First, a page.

Forever Losing Things? Does that Mean You’re Losing Your Mind?
Are you one of those people who would like to be able to lose weight as easily as you lose everything else in your life? Do you sometimes think you might be an absent-minded professor even though you’ve not stepped foot on a college campus in decades? Do you worry that not only are you forever losing your keys, your glasses, your phone, and your ‘you-name-it,’ but perhaps you’re also losing your mind?
If you’re nodding your head ‘yes,’ keep reading. You’ve got company. Mega-company. And your compadres are not losing their minds. Nope, they’re too busy losing other things to bother with senility.
So, if I’m not losing my mind, then I’ve got ADD, right? Maybe, maybe not. Most of us are super busy today. And we carry around so much stuff. How can we be expected to recall where we put our stuff when our thoughts are a million miles away?
Still, it doesn’t mean there’s nothing you can do to change your pattern. Read on, if you want to become better organized. I’ve got some ideas for you that just might make your life less hassled.
- Calm down. Stop panicking. When you’re in an agitated state, you’re not at your best. Then it’s harder for you to find anything. First thing for you to remember is that you probably just misplaced what you’re looking for, rather than losing it for good. Your item will probably show up sooner or later – often, when you least expect it.
- Scan your environment before you leave it. Look around you. Look behind you. Items you think you lost might be close by. Perhaps, where you were just sitting. Or, under the cushion. Or, in your pocket, your purse or maybe even in your other hand. Or, on your forehead. Don’t laugh. That’s a favorite place for misplaced glasses.
- Start your change program with one item you tend to lose. Let’s say it’s your keys. You could have sworn you put them on the counter but they’re not there. You wish you could remember where they are; but you don’t. What to do? It’s time to make a designated place for your keys; put a basket by the front door. Make it visible. Make it attractive. Make it hard to ignore.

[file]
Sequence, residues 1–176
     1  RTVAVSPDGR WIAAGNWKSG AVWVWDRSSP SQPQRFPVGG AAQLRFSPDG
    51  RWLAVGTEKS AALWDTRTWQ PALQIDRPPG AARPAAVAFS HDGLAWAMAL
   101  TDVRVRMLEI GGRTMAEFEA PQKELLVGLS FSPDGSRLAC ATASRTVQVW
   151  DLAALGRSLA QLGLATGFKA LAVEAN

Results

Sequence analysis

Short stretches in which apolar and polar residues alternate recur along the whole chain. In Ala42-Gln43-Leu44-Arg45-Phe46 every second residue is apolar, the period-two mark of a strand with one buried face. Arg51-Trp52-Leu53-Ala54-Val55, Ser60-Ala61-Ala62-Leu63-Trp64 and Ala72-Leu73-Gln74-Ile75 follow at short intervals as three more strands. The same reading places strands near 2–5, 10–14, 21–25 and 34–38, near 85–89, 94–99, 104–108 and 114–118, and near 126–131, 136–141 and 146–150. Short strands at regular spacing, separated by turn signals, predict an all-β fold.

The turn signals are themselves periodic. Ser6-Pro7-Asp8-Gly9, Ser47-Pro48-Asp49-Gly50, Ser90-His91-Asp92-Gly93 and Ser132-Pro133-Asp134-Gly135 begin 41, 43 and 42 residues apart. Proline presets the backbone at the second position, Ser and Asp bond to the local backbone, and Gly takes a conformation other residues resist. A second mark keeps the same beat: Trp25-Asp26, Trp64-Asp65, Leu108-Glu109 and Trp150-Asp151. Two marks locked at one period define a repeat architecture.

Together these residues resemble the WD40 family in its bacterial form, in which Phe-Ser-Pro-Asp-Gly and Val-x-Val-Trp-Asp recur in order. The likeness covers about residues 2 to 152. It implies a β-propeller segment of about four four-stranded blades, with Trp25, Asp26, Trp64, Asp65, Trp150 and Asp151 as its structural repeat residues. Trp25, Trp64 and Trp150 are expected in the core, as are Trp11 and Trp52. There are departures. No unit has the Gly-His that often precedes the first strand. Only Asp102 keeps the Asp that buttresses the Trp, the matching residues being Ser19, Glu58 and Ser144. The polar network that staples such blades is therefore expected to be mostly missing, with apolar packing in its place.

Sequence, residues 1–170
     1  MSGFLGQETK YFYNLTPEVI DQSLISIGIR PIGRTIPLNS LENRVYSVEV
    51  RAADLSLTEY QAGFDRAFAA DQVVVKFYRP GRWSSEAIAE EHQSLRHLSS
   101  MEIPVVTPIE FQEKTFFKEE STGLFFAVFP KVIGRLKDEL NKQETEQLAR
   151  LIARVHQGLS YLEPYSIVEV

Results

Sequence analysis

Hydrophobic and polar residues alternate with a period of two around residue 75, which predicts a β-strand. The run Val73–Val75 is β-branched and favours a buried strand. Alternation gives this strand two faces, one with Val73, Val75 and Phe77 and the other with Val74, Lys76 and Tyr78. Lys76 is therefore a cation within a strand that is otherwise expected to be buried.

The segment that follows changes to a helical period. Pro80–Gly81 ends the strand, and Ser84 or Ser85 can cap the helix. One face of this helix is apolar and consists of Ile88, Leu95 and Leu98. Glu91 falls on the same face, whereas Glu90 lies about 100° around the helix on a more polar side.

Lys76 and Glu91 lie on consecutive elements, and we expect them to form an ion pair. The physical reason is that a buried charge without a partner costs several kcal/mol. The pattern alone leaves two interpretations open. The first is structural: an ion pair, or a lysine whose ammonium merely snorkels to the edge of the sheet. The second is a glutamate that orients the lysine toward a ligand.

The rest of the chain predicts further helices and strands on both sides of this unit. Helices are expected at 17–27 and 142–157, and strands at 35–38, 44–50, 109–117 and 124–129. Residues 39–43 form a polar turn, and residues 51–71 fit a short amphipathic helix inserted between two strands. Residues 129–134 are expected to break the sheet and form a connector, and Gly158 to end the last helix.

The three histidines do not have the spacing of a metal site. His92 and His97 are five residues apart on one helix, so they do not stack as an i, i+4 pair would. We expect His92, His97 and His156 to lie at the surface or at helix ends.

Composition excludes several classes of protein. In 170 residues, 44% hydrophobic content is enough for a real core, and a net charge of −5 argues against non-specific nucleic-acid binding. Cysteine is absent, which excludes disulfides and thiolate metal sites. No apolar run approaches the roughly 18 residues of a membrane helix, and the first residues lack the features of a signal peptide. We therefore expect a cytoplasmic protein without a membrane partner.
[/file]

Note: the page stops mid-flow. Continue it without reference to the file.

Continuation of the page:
- Drop your keys in the basket as soon as you enter your home. Good idea! But, somehow, you keep forgetting to do it. You’re right. It takes time to train your brain to learn a new behavior. Speed up the training process by connecting the action (dropping the keys) with a humorous song. Here’s one, I just made one up that’s yours to appropriate. “My keys are safe; I now have faith; they no longer roam; they’re enjoying their new home. Yippee!” Associate the action with a lighthearted ditty and a new habit is formed. Case closed!
- On to the next. What else do you misplace? Perhaps it’s your phone. Here one minute, gone the next. What to do? In this instance, technology might come to the rescue. Attach a Bluetooth tracker to help you locate your phone in seconds. There are several different types on the market. See what works best for you.
- Establish new routines, one by one. You don’t have to have everything organized to stop losing things. You just need to develop a few new habits. One of the best techniques is to talk out loud to yourself: “Yup, I have to remember to drop those keys in the basket.” “Now, where do I want to keep these important papers.” “I will make it a point to put these things where they belong so I can find them tomorrow.” Talking out loud to yourself doesn’t make you crazy. It makes you smart. It reinforces what you want to accomplish. Good or you!
So, if you are forever losing things, it doesn’t mean you are losing your mind. However, it does mean that you are losing your focus. That’s understandable. Busy people can’t focus on everything. However, if losing stuff is stirring up your anxiety, it’s time to make some changes. I hope this article provided you with the impetus to do so.
Sapadin, L. (2018). Forever Losing Things? Does that Mean You’re Losing Your Mind?. Psych Central. Retrieved on September 25, 2020, from https://psychcentral.com/blog/forever-losing-things-does-that-mean-youre-losing-your-mind/